For now, the uncertainty in the trajectory of mortgage rates is working in favor of home shoppers like Shelby Rogozhnikov and her husband, Anton.

The couple owns a townhome in Dallas and want more space now that they’re planning on having their first child. They’re looking for a house with at least three bedrooms that’s priced within their budget of around $300,000.

They’re not feeling any urgency, but they are eager to avoid a surge in competition should mortgage rates decline in the coming months.

“I know interest rates will go down eventually, but I feel like when they go down housing prices might go back up again,” said Shelby Rogozhnikov, 38. a dental hygienist. “I have the mortgage rate thing to worry about and my biological clock, which has less time on it than the mortgage rates, so it’s now or never.”

Real estate agents from Los Angeles to New York say bidding wars are still happening, though not as often as in recent years in some places.

“Overall, the bidding wars are not nearly as extreme as they were in markets’ past,” said Tony Spratt, an agent with Century 21 Real Estate Judge Fite Co., in the Dallas-Fort Worth area. “We’re still in a sellers’ market, but it’s much more mild than it was.”

Home shoppers also have more properties to choose from this spring than a year ago. Active listings — a tally that encompasses all the homes on the market but excludes those pending a finalized sale — have exceeded prior-year levels for five straight months, according to Realtor.com. They jumped nearly 24% in March from a year earlier, though they were down nearly 38% compared to March 2019.

The still-relatively tight inventory is helping give sellers the edge in many markets around the country, but not all.

In Raleigh, North Carolina, home listings are taking longer to sell, and that’s made sellers more flexible on price or with helping cover repair costs, said Jordan Hammond, a Redfin agent.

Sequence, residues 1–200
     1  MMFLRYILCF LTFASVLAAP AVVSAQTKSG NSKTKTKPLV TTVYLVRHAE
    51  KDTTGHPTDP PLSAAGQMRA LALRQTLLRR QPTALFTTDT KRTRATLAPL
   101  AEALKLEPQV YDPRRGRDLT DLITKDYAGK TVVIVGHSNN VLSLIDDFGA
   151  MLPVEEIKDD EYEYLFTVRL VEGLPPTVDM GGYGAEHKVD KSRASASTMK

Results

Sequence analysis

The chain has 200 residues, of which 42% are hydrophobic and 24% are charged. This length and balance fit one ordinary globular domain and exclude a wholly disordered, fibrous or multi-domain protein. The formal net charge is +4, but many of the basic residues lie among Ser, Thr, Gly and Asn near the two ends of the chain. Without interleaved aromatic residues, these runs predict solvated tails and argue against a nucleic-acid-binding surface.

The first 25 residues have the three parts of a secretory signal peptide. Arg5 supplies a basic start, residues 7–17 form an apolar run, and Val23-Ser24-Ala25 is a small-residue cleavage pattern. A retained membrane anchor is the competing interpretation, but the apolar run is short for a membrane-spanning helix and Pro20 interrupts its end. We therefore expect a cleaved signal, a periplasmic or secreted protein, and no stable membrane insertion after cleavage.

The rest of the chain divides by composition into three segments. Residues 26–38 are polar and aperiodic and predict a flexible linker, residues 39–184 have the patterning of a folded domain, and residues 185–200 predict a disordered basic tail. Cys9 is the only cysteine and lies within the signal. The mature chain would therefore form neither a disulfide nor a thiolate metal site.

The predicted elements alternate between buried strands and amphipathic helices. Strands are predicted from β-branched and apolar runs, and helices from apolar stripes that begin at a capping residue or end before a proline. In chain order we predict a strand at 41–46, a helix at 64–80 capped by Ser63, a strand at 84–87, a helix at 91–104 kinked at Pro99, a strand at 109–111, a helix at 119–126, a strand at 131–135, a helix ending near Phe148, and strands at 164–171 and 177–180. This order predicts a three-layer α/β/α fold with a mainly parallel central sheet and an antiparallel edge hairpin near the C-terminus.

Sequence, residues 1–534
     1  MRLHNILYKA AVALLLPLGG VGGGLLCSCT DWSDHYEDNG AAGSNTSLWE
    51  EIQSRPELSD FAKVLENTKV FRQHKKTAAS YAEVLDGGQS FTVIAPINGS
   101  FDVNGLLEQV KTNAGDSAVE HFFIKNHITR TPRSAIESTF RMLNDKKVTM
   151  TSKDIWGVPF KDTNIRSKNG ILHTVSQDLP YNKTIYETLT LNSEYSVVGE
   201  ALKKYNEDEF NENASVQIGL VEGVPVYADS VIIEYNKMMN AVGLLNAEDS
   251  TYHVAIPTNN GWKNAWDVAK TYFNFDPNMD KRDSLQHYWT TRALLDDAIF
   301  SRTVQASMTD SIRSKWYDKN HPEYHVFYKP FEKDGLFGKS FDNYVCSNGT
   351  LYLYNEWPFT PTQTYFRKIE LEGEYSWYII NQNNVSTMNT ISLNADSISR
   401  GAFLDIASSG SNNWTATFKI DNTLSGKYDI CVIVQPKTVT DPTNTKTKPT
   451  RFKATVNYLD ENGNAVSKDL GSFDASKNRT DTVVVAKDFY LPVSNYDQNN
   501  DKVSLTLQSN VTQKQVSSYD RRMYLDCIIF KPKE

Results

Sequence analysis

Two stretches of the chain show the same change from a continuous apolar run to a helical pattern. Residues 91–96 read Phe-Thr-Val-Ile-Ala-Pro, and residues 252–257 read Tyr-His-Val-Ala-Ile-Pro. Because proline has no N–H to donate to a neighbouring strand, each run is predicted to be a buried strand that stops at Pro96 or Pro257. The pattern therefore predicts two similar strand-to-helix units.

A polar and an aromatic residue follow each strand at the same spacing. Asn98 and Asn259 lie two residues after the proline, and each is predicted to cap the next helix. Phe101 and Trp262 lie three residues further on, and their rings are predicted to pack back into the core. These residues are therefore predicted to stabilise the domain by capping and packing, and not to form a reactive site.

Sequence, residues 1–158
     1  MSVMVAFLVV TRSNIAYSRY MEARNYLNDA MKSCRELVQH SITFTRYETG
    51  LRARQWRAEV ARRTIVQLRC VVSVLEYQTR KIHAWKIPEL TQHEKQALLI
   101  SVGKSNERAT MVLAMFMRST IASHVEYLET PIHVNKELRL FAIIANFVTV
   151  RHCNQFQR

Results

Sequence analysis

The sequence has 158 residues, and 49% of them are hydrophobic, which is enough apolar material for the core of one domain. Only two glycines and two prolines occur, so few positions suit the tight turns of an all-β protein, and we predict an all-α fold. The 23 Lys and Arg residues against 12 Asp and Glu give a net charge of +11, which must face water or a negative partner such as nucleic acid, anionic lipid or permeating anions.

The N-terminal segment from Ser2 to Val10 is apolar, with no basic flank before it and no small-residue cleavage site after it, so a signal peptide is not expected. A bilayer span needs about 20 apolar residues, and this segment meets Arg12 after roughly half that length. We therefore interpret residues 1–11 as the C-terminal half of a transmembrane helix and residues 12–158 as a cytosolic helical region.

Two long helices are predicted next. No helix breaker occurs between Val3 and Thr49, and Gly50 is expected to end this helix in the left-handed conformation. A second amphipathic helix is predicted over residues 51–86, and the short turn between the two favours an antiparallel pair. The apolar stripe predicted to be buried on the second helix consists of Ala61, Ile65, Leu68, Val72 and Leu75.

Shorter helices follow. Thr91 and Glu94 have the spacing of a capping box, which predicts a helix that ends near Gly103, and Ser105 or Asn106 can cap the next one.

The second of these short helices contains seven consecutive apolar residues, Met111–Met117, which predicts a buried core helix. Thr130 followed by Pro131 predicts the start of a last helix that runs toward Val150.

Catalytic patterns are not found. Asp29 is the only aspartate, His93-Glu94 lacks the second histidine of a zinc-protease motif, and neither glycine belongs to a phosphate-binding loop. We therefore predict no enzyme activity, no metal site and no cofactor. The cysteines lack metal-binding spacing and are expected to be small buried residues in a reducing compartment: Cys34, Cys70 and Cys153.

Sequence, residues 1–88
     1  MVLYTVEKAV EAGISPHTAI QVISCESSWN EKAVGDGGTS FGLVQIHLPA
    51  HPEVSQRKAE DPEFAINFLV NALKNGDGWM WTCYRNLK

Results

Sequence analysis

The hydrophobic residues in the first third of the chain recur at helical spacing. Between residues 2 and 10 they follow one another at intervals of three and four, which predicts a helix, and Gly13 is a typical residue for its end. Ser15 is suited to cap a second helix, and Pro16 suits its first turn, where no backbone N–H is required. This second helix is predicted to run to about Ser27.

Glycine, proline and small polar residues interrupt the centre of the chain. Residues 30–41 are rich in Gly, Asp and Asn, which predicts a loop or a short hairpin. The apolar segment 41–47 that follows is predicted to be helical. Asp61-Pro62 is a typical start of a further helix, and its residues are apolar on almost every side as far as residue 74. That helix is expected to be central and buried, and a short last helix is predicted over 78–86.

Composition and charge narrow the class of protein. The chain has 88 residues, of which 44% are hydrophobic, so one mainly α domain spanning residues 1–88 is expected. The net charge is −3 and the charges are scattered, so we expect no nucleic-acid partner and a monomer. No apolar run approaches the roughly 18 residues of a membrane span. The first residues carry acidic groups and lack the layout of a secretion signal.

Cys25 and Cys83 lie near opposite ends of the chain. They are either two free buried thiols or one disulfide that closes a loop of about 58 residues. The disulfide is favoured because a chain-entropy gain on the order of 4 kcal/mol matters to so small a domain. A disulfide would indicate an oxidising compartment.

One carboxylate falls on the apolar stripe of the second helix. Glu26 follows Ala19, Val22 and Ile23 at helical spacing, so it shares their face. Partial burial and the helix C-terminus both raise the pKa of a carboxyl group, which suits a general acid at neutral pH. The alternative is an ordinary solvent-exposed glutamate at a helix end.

“Before we saw sellers could really do what they wanted,” she said. “They didn’t have to contribute at all to the buyer’s purchase. And now that’s kind of flipped. I’m seeing more buyers pushing sellers.”

Still, the thin inventory of properties on the market means home shoppers who can find a property for sale in their price range may want to put in an offer rather than wait, because there’s no guarantee a better option will come along right away.

Those shopping in areas where new-home construction is more prevalent may have better luck this spring.

In response to higher mortgage rates, more than one-third of builders cut home prices in 2023. Many also offered buyers incentives like mortgage rate buydowns and below market-rate financing.

Builders also stepped up construction of smaller, less expensive homes, which helps explain why the median sale price of a new U.S. home fell nearly 8% in February from a year earlier to $400,500. That’s the lowest level since June 2021.

Home shoppers and sellers who wait until summer to test the market will also have to factor in how they may be affected by proposed changes to policies around real estate agent commissions.

Last month, the National Association of Realtors agreed to make policy changes in order to settle federal lawsuits that claimed the trade association and several of the country’s biggest real estate brokerages engaged in business practices that forced homeowners to pay artificially inflated commissions when they sold their home.

The policy changes, which are set to go into effect in July, could lead to home sellers paying lower commissions for their agent’s services. Buyers, in turn, may have to shoulder more upfront costs when they hire an agent.